Investments that offer a periodic cash payment that may be fixed in dollar terms or may vary according to a predetermined formula are considered Fixed-income securities. For example, the formula might dictate that cash payments rise if a general rise in market interest rates occurs.
Some offer contractually guaranteed returns, meaning that the issuer of the security (i.e., the borrower) must fulfill a promise to make payments to investors or risk being sued. Other types of fixed-income securities come with the expectation of regular payments even if a contractual obligation is absent.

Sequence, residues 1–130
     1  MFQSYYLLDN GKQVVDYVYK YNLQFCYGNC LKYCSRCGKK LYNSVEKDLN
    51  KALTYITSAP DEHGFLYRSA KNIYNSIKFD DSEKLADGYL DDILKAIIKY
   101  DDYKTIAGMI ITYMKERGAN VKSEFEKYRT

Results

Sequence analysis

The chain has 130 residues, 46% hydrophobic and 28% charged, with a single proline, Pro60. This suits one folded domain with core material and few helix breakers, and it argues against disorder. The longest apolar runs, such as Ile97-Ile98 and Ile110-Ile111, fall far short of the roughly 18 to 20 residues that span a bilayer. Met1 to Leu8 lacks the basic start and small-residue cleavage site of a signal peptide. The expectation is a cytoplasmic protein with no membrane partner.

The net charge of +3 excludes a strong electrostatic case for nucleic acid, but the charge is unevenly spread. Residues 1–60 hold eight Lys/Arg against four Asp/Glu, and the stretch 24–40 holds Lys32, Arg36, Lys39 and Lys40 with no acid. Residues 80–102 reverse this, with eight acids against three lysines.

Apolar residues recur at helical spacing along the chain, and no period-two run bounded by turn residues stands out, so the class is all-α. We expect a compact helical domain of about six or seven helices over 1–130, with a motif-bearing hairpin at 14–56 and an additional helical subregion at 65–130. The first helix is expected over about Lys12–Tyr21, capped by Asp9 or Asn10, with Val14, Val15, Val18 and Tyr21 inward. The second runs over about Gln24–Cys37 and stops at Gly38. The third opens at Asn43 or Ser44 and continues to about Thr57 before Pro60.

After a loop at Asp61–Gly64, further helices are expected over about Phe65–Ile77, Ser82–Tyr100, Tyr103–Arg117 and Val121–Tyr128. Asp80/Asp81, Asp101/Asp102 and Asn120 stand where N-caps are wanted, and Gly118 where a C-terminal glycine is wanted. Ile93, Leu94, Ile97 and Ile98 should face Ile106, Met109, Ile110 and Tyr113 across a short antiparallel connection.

Because of their relatively predictable cash payments, fixed-income securities tend to be popular during periods of economic uncertainty when investors are reluctant to invest in riskier securities such as common stocks. Fixed-income securities are also attractive during periods of high interest rates when investors seek to “lock in” high returns. The most common fixed-income securities are bonds, convertible securities, and preferred stock.